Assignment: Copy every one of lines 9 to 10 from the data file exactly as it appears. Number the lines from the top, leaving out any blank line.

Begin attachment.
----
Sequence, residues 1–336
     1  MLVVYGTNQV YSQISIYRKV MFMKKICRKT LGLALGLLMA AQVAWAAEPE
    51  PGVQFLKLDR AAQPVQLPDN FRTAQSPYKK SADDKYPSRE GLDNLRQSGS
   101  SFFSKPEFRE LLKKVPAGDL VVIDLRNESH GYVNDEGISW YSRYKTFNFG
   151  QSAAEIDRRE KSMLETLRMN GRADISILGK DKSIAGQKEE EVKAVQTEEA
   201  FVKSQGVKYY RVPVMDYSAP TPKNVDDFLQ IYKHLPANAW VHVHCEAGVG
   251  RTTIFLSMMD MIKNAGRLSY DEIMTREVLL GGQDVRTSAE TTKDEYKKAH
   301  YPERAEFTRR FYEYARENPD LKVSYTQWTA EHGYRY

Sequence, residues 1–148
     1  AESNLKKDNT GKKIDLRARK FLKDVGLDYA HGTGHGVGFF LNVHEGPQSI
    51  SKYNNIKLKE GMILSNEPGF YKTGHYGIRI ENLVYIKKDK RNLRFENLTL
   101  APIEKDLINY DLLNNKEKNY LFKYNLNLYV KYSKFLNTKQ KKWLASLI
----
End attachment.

Sequence, residues 1–148
     1  AESNLKKDNT GKKIDLRARK FLKDVGLDYA HGTGHGVGFF LNVHEGPQSI